Debtors facing an emergency like a wage garnishment or home foreclosure can use the streamlined "emergency" or "skeleton" bankruptcy filing procedure to stop collection actions fast. Learn what you need to know about emergency filings, including:
Once you understand how to file an emergency bankruptcy filing, check out the resources provided at the end of the article. You'll find links to applicable bankruptcy forms and additional articles we think you'll enjoy.
A bankruptcy becomes an "emergency bankruptcy" when the debtor must act quickly to prevent a creditor from taking a valuable asset, such as a home, car, or wages. The automatic stay the court puts in place after a bankruptcy filing stops most creditors from pursuing debt collection actions.
Learn when the automatic stay might be limited or not go into effect due to multiple bankruptcy filings.
A "skeleton bankruptcy filing" is another name for an emergency bankruptcy. Instead of filing a complete set of bankruptcy forms, a debtor with little time to spare can take advantage of the automatic stay by filing a shorter or "skeleton" version of the bankruptcy petition and filling the remaining forms within 15 days.
Your bankruptcy case will start after you file the completed forms necessary for an emergency or skeleton bankruptcy. Here's what you'll file in an emergency bankruptcy:
You'll pay a $338 filing fee for Chapter 7 and $313 for Chapter 13 along with the skeleton petition unless you include a fee waiver application (check your court's requirements).
Make sure a Chapter 7 filing will solve your financial problems because filers don't have an automatic right to dismiss a Chapter 7 case. You'll want to know whether you can:
Debtors can pass the Chapter 7 means test in two ways. You'll qualify for Chapter 7 if your household's gross income doesn't exceed your state's median income for a family of the same size.
If your gross income is higher, you'll deduct allowed expenses. You'll qualify if you don't have enough remaining to pay into a Chapter 13 plan.
One of the benefits of Chapter 13 is that you can dismiss the case if needed, but you'll still want to be sure Chapter 13 will work for you. Start by checking whether you can do the following things:
Most filers need enough income to pay monthly living expenses for five years and all overdue support obligations, recent taxes, and other priority debts. If you'd like to keep a financed car or home, you must also catch up on any arrearages.
Be sure to make the first plan payment within 30 days of your initial emergency bankruptcy filing, even though the court won't have approved your plan by that time.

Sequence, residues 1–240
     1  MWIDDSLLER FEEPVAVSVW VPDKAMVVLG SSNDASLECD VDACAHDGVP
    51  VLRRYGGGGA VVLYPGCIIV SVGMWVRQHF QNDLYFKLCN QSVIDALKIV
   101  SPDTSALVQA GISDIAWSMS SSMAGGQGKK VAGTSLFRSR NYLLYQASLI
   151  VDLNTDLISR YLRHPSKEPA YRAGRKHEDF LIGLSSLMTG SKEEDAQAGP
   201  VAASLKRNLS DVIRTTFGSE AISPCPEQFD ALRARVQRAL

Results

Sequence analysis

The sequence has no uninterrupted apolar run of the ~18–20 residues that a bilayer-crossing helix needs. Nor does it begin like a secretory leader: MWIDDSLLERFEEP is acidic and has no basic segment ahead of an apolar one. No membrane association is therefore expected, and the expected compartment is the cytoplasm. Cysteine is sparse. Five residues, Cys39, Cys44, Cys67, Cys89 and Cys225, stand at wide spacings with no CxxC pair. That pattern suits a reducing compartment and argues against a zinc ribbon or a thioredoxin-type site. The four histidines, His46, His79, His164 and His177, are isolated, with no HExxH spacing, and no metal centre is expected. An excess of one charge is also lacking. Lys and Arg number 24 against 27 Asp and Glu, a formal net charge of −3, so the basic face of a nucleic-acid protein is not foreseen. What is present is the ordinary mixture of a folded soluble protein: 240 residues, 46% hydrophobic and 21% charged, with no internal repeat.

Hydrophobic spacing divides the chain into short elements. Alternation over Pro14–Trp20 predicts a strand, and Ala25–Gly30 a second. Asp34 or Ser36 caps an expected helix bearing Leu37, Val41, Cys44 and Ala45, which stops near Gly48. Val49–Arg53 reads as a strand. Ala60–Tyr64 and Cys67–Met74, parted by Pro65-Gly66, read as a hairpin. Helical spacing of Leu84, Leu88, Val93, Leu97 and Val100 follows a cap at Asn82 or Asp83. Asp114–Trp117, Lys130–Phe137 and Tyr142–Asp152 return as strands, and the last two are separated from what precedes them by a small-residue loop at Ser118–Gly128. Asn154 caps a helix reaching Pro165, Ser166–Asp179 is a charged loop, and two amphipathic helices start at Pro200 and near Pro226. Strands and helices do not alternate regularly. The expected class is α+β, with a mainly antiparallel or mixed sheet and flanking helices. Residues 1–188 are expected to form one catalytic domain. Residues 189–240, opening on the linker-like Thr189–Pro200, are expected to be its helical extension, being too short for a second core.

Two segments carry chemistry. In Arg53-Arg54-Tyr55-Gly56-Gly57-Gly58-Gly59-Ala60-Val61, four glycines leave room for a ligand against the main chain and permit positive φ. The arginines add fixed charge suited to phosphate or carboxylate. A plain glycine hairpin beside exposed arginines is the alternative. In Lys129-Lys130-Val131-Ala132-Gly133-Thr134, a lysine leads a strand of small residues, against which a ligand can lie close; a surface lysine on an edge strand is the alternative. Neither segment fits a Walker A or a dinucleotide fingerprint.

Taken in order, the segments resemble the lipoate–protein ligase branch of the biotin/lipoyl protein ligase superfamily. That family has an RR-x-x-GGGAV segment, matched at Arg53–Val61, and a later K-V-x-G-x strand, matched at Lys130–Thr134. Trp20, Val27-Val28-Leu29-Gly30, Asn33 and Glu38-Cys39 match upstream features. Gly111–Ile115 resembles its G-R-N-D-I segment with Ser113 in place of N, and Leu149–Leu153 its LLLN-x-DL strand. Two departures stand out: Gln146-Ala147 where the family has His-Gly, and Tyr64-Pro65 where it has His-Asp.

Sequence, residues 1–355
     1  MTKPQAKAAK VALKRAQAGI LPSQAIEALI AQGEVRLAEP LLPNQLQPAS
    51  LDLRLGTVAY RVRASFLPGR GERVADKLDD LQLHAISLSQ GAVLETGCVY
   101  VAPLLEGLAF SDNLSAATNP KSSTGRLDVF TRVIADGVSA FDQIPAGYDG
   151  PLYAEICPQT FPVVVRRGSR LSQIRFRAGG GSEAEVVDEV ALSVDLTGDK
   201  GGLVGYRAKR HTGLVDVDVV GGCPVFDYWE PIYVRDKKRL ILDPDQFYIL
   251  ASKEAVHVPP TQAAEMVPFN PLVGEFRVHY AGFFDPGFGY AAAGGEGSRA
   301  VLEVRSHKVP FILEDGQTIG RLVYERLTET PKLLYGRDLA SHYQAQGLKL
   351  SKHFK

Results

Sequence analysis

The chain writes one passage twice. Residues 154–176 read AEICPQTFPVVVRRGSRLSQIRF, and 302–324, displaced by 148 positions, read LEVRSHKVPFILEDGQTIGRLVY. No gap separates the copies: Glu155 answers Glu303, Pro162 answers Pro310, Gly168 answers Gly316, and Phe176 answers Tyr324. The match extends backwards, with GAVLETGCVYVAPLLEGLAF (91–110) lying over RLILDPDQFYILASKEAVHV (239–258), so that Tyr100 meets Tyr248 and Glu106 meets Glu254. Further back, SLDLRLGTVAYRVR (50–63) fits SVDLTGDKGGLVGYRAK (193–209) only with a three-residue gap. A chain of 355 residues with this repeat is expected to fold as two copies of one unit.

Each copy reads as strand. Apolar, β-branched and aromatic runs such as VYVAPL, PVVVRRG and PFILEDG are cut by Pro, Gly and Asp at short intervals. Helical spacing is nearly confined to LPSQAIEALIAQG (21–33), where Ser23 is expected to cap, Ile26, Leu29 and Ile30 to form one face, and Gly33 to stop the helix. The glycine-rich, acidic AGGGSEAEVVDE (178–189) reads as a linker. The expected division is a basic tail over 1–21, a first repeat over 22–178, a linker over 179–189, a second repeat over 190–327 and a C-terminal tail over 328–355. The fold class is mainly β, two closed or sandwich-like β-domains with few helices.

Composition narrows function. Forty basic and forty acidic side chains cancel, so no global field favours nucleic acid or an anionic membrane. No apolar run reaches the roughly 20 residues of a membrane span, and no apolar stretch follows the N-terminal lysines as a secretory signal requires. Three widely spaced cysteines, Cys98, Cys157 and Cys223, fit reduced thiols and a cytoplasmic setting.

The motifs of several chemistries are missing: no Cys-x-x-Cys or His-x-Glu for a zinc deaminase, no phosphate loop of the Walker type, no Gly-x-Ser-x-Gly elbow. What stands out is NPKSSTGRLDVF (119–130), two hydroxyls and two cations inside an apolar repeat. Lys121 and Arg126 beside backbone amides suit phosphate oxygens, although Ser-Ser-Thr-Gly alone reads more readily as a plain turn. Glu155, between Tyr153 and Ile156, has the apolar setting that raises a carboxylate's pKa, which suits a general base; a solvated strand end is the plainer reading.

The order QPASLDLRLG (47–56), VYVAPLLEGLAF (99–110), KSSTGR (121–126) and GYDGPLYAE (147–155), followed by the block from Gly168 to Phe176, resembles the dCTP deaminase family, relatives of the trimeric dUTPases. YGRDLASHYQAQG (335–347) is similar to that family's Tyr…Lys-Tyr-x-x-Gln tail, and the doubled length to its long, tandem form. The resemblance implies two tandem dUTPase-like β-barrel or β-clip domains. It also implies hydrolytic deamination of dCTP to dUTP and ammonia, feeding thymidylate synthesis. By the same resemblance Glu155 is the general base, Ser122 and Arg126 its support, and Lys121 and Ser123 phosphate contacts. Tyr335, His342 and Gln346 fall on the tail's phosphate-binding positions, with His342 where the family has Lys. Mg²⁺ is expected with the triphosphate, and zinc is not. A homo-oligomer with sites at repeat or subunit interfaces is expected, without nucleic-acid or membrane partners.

You must complete and file the remaining bankruptcy forms within 15 days. If you need more time, request a new deadline from the court.
The court will dismiss your matter if you don't file the remaining forms. You'll find links to fillable, downloadable bankruptcy forms at the end of the article or on the U.S. Courts bankruptcy form webpage.
Suppose your house is on the auction block, or a wage garnishment will go into effect soon. When facing those and other urgent situations, you should hire an emergency bankruptcy attorney.
An emergency bankruptcy attorney can help you quickly complete a skeleton bankruptcy filing and file it within days. Once filed, most foreclosures, repossessions, wage garnishments, and other collection actions stop, giving you time to address your financial situation in Chapter 7 or 13.
Find out what to do when you can't afford a bankruptcy lawyer.
Yes. The online bankruptcy process is always available, regardless of time. However, you'll need to hire a bankruptcy attorney to file online in most areas.
A few jurisdictions explored allowing filers online filing access during the pandemic. You can check availability by visiting your local bankruptcy court's website. The Federal Court Finder can help you find your court's website address.
Bankruptcy is essentially a qualification process. The laws provide instructions for completing a 50- to 60-page bankruptcy petition, and because the rules apply to every case, you can't skip a step. We want to help.
Below is the bankruptcy form for this topic and other resources we think you'll enjoy. For more easy-to-understand articles, go to TheBankruptcySite.
More Bankruptcy Information
Bankruptcy Forms and Document Checklist
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We wholeheartedly encourage research and learning, but online articles can't address all bankruptcy issues or the facts of your case. The best way to protect your assets in bankruptcy is by hiring a local bankruptcy lawyer.
Updated October 28, 2022